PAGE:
No obligation to justice does force a man to be cruel, or to use the sharpest sentence.
Since 1957, black people have experienced double-digit unemployment - in good times and bad times. Look at the population of African Americans in prison. They represent more than half the population of prisoners in the country, 55 percent of those on death row.
I submit that an individual who breaks a law that conscience tells him is unjust, and who willingly accepts the penalty of imprisonment in order to arouse the conscience of the community over its injustice, is in reality expressing the highest respect for the law.
Overlook our deeds, since you know that crime was absent from our inclination.
Fear can be like a prison. It is, however, a self made prison. Many are imprisoned by fear. No one else can liberate them from this prison. Others may inspire them but they must liberate themselves.
Prisons don't rehabilitate, they don't punish, they don't protect, so what the hell do they do?
I sometimes wish that people would put a little more emphasis upon the observance of the law than they do upon its enforcement.
Every instance of a man's suffering the penalty of the law is an instance of the failure of that penalty in effecting its purpose, which is to deter.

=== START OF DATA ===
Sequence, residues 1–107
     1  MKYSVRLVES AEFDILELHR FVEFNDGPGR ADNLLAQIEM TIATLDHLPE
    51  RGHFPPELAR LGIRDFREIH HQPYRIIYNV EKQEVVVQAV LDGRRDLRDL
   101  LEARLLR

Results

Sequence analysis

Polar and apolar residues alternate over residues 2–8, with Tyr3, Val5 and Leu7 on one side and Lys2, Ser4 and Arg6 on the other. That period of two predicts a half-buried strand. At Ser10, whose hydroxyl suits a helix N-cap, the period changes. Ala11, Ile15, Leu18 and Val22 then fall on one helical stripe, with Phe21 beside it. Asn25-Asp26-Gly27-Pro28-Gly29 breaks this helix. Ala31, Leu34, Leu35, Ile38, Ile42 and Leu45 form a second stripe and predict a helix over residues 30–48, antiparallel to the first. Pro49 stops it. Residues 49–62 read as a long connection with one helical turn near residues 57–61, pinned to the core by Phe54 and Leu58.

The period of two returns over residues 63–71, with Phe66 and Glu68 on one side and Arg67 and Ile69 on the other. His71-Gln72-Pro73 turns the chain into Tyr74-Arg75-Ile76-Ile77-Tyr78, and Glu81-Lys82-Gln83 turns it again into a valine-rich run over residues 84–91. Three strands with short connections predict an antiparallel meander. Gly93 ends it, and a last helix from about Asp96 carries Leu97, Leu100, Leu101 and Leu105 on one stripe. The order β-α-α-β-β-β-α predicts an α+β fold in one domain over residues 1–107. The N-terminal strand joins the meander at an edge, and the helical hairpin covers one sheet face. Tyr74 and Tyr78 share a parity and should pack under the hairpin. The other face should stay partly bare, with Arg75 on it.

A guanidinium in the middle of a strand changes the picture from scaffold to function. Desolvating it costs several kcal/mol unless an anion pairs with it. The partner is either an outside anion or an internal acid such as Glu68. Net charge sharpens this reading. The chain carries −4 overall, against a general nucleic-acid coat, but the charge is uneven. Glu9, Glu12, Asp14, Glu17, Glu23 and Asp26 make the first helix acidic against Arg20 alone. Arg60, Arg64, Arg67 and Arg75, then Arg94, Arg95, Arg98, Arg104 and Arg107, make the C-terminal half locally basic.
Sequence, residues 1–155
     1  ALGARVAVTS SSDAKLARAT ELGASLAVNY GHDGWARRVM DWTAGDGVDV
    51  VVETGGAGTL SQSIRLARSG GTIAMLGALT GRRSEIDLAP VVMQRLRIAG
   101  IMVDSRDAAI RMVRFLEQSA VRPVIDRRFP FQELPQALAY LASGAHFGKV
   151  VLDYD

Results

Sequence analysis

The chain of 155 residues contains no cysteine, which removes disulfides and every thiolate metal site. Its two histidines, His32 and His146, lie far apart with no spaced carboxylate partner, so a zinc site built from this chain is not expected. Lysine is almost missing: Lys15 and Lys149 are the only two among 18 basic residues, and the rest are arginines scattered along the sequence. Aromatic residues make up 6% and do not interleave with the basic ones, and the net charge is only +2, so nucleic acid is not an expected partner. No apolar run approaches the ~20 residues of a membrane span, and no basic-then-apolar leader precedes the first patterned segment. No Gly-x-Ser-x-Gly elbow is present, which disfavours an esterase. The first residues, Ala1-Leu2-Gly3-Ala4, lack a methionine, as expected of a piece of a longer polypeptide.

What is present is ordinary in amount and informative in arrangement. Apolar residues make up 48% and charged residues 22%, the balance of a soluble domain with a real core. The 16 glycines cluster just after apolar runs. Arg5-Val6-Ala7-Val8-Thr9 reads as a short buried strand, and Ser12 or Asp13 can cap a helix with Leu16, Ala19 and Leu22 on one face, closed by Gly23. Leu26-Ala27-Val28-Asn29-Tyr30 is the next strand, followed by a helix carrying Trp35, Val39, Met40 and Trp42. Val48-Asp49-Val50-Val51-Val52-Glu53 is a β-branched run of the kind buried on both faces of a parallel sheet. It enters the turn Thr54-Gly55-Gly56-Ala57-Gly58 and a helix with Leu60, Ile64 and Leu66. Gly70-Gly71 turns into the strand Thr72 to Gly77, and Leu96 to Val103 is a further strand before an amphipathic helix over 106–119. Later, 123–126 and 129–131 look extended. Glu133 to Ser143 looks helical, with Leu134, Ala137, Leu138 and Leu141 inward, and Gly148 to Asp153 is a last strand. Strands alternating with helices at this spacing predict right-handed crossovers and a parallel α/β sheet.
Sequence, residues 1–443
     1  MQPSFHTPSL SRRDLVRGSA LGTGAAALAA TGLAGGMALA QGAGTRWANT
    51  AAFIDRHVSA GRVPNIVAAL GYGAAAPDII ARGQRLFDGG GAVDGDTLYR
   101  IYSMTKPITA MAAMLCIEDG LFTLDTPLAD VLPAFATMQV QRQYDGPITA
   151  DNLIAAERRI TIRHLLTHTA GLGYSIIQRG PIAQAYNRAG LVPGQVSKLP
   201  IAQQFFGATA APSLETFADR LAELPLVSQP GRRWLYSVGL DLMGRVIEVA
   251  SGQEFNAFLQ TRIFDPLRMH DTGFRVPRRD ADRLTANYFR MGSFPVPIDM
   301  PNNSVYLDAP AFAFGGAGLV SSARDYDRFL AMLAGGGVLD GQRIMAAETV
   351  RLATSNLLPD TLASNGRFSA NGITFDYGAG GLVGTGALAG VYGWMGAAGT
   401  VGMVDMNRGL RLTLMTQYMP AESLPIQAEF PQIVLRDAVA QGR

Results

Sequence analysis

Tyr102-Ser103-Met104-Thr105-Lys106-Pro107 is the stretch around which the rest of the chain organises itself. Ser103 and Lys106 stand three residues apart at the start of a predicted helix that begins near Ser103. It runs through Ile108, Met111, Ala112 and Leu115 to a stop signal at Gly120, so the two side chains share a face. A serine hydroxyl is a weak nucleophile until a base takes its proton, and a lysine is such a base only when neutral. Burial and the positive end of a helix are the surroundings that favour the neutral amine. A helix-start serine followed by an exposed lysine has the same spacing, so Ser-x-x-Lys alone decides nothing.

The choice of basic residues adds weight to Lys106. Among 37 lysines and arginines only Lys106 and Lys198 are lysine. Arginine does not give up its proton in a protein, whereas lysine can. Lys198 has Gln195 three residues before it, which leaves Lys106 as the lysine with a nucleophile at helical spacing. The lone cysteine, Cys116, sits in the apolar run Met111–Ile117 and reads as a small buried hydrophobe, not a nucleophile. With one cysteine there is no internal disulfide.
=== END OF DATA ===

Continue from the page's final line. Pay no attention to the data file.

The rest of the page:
Why would anyone expect him to come out smarter? He went to prison for three years, not Princeton.
The common argument that crime is caused by poverty is a kind of slander on the poor.
Injustice anywhere is a threat to justice everywhere. We are caught in an inescapable network of mutuality, tied in a single garment of destiny. Whatever affects one directly, affects all indirectly.
There are dreadful punishments enacted against thieves; but it were much better to make such good provisions, by which every man might be put in a method how to live, and so to be preserved from the fatal necessity of stealing and dying for it.
Care should be taken that the punishment does not exceed the guilt; and also that some men do not suffer for offenses for which others are not even indicted.
The object of punishment is prevention from evil; it never can be made impulsive to good.